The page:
Casting – Round 2: Antatomy of our casting sessions

So our casting sessions have more or less concluded. What an adventure it’s been! We’ve had so many different people contacting us about the roles (including a former Miss Great Britain and by pure coincidence someone who featured in Dan Collier’s original version).

Make no mistake, casting is extremely hard work. In fact it’s pretty much a mini-production in its own right. You have to attract the right type of people to the project (much like you will need to market a production afterwards), you need to find a suitable venue, you have to set dates and schedule people. Exhausting, but great preparation for when production hits.

We structured our castings in the following manner (I don’t know if some of this might be useful to any actors out there, perhaps it’s a perspective on the other side of the table):

1. As we were in a secure location, we had someone on the door to let people in and greet them. We also put a few signs up outside of the location to direct people to the right place (this said it should have all been on the maps we issued).

2. The first thing we did would be to get some photos of the actor. There were three shots we were really after, a headshot, a full length shot and a full length profile shot. This was in part for promotion and to assist our costumer designer.

3. The actors then had a few minutes to themselves sitting in a quiet area where they could hopefully try to focus or relax. Thankfully we had a reasonable location for this.

4. Sherilee would then invite the actor into the room and we would meet, shake-hands and ask them to sit. The first question I’d ask would be: “Do you mind if we film this casting?”. To be honest no one did mind, if someone were to say “Yes”, well then they would be in the wrong place!

5. The second question “Do you mind if we use the photos to help us promote?”. Again, no one minded but it’s nice to have it filmed and on record. We will also make sure this gets added to the contract for successful candidates also. We would then double-check with them which character(s) they were auditioning for. It would also give them to opportunity to let us know if they wanted to try for a different role upon reflection.

6. We then tried our best to put the actor at ease. We would start by asking an initial question of a “Did you find us okay” or “How long did it take to get here” nature. This was then followed up with “Please tell us a bit of background about yourself and what you have been doing” to keep things reasonably informal. The range for this was quite wide and could encompass many things as well as acting. This was quite an enjoyable part of the process, but you had to keep an eye on the time because it’s surprising how quickly the time could get eaten up here.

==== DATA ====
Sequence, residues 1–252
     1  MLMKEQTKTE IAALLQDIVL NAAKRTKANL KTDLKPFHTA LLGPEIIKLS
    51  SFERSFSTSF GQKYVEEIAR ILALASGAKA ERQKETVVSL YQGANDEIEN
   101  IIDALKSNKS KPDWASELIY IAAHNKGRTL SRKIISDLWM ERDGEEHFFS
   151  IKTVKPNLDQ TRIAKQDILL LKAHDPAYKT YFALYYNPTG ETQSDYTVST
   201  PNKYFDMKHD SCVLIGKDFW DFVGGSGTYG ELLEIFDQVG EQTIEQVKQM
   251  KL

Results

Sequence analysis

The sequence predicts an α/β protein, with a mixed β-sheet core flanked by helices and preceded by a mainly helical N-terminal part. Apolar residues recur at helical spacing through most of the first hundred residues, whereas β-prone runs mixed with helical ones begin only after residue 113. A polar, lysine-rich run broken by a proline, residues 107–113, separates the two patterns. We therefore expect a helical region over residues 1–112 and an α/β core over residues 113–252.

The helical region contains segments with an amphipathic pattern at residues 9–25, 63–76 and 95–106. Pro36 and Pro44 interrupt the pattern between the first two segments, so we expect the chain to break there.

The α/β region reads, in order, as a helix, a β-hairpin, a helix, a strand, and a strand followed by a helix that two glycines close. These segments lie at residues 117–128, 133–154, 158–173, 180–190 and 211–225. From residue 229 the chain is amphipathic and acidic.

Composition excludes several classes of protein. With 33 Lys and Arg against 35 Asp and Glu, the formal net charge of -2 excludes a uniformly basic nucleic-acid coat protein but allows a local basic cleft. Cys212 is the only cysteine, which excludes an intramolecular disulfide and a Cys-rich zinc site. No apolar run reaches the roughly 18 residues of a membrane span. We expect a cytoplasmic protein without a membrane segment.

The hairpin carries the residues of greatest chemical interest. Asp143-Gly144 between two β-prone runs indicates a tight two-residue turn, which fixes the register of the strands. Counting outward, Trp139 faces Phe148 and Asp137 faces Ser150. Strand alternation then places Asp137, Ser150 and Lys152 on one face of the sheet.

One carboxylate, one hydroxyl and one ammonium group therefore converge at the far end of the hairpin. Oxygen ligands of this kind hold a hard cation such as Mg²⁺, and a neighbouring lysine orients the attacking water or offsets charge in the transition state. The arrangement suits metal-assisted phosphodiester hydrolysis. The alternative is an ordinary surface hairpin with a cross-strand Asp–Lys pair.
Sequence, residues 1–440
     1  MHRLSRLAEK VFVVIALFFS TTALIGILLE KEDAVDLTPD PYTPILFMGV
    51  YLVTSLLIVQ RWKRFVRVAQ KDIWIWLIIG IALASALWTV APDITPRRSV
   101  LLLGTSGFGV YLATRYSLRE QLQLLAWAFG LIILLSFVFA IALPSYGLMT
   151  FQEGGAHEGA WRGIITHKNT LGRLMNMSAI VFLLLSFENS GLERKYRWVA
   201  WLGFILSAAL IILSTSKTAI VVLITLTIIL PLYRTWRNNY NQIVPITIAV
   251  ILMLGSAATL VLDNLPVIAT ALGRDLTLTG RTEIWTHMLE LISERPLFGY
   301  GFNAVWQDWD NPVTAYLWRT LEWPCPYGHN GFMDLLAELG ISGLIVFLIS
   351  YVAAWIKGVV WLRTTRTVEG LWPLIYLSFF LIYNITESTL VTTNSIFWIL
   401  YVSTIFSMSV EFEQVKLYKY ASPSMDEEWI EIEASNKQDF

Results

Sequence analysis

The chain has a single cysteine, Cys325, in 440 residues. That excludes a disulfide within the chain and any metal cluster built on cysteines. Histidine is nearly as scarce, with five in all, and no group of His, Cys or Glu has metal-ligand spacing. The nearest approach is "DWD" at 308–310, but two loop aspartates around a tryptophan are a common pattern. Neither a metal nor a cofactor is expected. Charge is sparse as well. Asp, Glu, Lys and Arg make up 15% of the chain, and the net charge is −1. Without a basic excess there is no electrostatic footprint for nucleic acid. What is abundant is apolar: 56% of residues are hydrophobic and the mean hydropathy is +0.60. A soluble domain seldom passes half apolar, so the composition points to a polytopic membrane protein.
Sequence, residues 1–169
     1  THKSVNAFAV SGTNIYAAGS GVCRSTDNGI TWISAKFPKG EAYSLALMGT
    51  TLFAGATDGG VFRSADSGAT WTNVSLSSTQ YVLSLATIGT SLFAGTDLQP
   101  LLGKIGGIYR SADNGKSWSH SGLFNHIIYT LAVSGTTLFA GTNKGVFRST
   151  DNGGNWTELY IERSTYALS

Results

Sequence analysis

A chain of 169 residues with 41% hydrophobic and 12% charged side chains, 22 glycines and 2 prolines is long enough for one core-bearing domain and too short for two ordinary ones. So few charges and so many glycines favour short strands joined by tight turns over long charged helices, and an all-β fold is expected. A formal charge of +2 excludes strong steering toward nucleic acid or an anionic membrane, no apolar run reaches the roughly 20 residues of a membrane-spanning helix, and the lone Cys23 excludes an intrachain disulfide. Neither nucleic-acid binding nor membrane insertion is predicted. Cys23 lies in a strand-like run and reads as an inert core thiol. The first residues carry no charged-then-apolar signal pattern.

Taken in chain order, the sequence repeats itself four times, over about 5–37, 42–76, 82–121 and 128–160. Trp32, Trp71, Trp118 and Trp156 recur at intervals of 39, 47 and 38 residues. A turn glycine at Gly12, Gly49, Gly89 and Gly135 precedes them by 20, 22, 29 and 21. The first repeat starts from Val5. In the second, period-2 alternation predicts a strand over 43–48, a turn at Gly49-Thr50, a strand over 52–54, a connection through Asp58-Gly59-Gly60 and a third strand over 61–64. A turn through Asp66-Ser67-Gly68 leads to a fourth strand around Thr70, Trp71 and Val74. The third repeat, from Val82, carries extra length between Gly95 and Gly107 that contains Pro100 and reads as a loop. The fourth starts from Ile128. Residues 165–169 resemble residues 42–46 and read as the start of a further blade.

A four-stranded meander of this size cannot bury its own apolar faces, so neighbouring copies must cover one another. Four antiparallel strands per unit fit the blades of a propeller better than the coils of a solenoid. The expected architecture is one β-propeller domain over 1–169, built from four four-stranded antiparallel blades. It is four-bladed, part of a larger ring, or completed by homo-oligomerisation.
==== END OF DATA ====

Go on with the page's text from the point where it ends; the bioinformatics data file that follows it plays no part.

7. We would then explain a bit about ourselves, our backgrounds, what we were hoping to achieve both in terms of “Baby Oak” and this particular project.

8. One decision we made early on was to send the script out to everyone we invited for a casting session. Now some people might balk at this idea, but I have to be honest – for us it paid dividends. The advantages were:

  • many of the actors learned their lines beforehand, resulting in a more natural performance when tested.
  • it was a way of seeing how enthused about the project they really were
  • it meant we could ask them for feedback on the script
  • we could ask if they had any particular thoughts or questions about the character they were auditioning for.

On the whole there was some extremely useful feedback here about whether the script was connecting, also a few great ideas for the characters. There were a handful of instances where the actor had prepared a background monologue for their character. Now this from a director point seemed solid gold! Not only does it make the actor stick out in your memory, it also shows that they are interested in the character, they taken the time to consider a potential background history and it’s another great opportunity to showcase your performance skills.